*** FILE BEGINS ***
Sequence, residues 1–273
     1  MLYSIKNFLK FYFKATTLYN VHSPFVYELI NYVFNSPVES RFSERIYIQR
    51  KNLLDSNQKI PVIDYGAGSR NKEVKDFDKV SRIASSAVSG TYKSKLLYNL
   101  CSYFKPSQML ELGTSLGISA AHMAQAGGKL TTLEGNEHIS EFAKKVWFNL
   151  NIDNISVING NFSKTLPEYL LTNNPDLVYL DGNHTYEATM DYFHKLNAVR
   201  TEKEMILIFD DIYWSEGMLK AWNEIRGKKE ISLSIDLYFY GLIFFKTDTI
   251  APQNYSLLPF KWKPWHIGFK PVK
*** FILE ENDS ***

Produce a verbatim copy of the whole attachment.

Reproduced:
Sequence, residues 1–273
     1  MLYSIKNFLK FYFKATTLYN VHSPFVYELI NYVFNSPVES RFSERIYIQR
    51  KNLLDSNQKI PVIDYGAGSR NKEVKDFDKV SRIASSAVSG TYKSKLLYNL
   101  CSYFKPSQML ELGTSLGISA AHMAQAGGKL TTLEGNEHIS EFAKKVWFNL
   151  NIDNISVING NFSKTLPEYL LTNNPDLVYL DGNHTYEATM DYFHKLNAVR
   201  TEKEMILIFD DIYWSEGMLK AWNEIRGKKE ISLSIDLYFY GLIFFKTDTI
   251  APQNYSLLPF KWKPWHIGFK PVK